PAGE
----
Glasgow has unveiled its first detailed roadmap setting out how to reach its Net Zero targets ahead of the COP26 climate conference taking place in November 2020.
Based on forecasts commissioned by ScottishPower from Capital Economics, the report outlines what needs to be done to become the UK’s first Net Zero city.
The study forecasts the city will need to install more than 175,000 electric vehicle (EV) charging points by 2030 to reach Net Zero, including nearly 17,000 chargers in non-residential areas – the total cost of these installations is expected to reach around £298 million.
It also estimates Glasgow will require around £1.4 billion of funding to equip more than 244,000 homes with electric heat pumps in order to decarbonise their heat supply.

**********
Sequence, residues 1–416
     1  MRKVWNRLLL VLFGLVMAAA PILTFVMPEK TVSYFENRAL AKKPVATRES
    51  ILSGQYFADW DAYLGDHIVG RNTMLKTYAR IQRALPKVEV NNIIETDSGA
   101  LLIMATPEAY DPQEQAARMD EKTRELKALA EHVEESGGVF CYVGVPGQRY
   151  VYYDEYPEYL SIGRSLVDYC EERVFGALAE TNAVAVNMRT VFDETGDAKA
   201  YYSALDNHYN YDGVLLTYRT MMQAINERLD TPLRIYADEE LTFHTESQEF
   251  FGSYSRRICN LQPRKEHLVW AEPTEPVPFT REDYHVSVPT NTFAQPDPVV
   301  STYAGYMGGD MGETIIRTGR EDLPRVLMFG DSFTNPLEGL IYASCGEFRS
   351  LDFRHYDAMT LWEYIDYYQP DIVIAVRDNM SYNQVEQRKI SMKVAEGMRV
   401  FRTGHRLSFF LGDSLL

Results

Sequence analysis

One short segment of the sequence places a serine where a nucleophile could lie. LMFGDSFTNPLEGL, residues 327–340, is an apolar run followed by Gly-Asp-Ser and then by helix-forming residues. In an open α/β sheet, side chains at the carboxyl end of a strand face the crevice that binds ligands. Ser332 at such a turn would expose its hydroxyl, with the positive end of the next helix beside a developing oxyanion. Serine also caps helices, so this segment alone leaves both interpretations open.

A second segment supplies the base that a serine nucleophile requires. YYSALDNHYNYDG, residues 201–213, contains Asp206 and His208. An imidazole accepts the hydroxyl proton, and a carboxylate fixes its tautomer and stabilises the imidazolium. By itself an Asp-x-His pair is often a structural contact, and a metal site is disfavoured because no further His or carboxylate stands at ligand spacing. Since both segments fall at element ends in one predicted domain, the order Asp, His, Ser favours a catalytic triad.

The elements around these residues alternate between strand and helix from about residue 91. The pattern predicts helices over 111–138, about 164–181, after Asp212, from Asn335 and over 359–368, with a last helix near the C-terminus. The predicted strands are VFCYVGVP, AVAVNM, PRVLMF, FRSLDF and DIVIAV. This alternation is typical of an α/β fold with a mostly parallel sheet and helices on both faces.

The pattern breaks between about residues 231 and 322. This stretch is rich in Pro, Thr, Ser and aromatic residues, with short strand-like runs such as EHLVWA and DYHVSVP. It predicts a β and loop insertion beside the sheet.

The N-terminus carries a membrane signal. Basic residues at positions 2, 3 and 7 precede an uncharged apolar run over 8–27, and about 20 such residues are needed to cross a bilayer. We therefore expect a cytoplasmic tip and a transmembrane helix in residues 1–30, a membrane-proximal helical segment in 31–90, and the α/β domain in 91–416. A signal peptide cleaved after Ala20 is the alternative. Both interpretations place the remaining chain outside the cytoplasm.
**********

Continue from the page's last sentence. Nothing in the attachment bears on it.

The report suggests the city’s energy network will need £648 million of investment to support these changes but notes these could potentially be reduced by up to 40% by investing “in a planned and strategic way”.
SP Energy Networks is to invest approximately £20 million by 2022 to modernise the network, facilitate an increase in available capacity and support regeneration initiatives.
Michael Mathieson MSP, Cabinet Secretary for Transport, Infrastructure and Connectivity, said: “I welcome this latest report from ScottishPower, which is a milestone moment in their partnership with Glasgow City Council to make Glasgow the UK’s first ‘net-zero’ city.
“This work is crucial because we know that Scotland’s world-leading and legally-binding net-zero target cannot be met by government alone. This continued partnership approach between businesses, local authorities and communities is exactly what is required to respond to the climate emergency and improve the air quality in our cities.”
ScottishPower has also announced a new partnership with nextbike to sponsor the city’s first fleet of e-bikes and reduce transport emissions – it will sponsor 63 e-bikes and 21 charging points across the city.